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Pets allowed
No
Elevation Gain
?
Trail type
One-way/Shuttle
Distance
17.50 mi (28.16 km)
Please respect the outdoors by practicing Leave No Trace. Learn more about how to apply the principles of Leave No Trace on your next outdoor adventure here.

Without a doubt, this backpacking trip should be on every hiker's bucket list. It's an incredible, challenging, and serene adventure.

Two sections of the Olympic Peninsula's coastline are completely undeveloped and uniquely spectacular. The first is a section of the Olympic North Coast Wilderness Trail that runs nearly 21 miles between Rialto Beach and Ozette. The second is this southern section that runs between La Push (Third Beach Trailhead) and the Hoh River (Oil City Trailhead) and totals 17.5 miles. Although this section has a nominal net elevation gain, the diverse terrain and trail requirements keep the hike in a moderately difficult category; between hiking on sandy beaches, climbing up rope ladders, ascending bluffs on your hands and knees, and waiting for an outgoing low tide to make headland crossings, this trip is far more challenging than it may appear on paper. The trip can certainly be done in two days, but giving yourself three days will provide flexibility.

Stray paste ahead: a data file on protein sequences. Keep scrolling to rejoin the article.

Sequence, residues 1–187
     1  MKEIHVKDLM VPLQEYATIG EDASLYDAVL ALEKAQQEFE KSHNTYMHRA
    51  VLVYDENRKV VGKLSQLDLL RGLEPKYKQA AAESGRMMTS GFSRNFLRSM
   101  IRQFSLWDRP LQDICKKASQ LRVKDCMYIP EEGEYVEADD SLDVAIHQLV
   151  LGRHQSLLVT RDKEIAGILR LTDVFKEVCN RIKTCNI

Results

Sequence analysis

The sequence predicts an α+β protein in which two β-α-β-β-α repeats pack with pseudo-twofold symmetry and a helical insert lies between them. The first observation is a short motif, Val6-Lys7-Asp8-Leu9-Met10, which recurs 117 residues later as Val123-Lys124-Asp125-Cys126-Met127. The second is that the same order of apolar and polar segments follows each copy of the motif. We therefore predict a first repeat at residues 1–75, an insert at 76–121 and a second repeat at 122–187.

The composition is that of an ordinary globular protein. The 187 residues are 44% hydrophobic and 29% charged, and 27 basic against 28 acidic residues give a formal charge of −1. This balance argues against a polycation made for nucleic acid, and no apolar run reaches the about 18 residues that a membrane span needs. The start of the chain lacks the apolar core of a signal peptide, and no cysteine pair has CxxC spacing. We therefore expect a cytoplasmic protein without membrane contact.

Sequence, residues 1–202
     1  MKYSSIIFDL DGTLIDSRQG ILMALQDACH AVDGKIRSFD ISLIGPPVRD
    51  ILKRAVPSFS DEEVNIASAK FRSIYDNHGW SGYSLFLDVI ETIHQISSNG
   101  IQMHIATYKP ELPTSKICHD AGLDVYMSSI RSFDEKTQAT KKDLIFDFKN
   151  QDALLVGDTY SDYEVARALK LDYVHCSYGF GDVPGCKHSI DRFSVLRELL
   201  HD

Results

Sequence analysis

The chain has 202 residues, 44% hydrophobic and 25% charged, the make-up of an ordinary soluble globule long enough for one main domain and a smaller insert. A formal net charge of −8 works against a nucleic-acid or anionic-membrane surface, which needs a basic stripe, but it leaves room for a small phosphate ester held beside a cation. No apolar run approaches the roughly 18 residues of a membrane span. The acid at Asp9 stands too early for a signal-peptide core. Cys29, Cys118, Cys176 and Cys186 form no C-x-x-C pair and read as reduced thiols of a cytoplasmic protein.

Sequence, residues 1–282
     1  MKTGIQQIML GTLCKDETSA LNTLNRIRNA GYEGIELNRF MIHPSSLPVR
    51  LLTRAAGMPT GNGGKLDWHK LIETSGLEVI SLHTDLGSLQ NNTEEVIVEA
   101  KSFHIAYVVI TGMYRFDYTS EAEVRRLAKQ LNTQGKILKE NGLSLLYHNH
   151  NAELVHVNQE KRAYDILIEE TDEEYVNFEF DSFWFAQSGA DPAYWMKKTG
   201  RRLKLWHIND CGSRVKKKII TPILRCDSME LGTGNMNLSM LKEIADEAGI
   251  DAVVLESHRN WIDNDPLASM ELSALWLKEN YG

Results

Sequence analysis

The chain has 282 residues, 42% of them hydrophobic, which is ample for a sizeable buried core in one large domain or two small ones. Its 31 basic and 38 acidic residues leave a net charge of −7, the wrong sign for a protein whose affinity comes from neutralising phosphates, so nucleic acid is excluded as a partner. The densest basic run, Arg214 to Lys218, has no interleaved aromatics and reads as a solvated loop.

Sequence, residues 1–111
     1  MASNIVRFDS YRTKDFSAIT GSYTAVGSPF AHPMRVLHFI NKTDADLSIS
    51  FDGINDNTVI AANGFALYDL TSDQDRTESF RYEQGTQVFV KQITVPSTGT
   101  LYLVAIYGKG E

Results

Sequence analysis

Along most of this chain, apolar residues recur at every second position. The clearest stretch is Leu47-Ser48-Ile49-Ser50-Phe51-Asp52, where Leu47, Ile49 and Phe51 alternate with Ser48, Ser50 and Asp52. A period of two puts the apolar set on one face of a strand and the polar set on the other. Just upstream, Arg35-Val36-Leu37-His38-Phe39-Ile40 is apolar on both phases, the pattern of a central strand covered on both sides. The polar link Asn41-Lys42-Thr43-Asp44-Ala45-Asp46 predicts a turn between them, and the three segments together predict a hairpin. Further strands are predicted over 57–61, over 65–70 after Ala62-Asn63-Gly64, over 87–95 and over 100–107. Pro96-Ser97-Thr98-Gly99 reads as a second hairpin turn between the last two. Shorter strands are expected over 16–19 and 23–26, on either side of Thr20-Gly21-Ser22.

Highlights along the route include:

  • Giants Graveyard: This is a cluster of roughly a dozen dramatic sea stacks that loom off the shore near Scott Creek.
  • Tide pools: At low tide, the ocean recedes to reveal an incredibly diverse mini-ecosystem in the rocks and shore. Tide pools are best at Strawberry Point and Toleak Point, where purple sea stars, giant green anemones, crustaceans, mollusks, mussels, crabs, and various other sea-creatures cohabit.
  • Sea Birds: Beyond the countless western gulls you'll see, watch for bald eagles, black oystercatchers, pigeon guillemont, common murres, and cormorants that call the countless offshore sea stacks home. Binoculars are a great idea.
  • Old-growth Forest: For the entire length of the hike, the boundaries of Olympic National Park protect a roughly 1-mile wide swath of forest that runs adjacent to the coastline. Eight-foot thick western red cedars, massive Sitka spruce, and western hemlock dominate the forest, particularly the section of trail between Mosquito Creek and Jefferson Cove.
  • River Crossings: Be prepared to ford several large creeks, including Scott Creek, Mosquito Creek, and two crossings at Goodman Creek, which can produce thigh-high waters during spring runoff.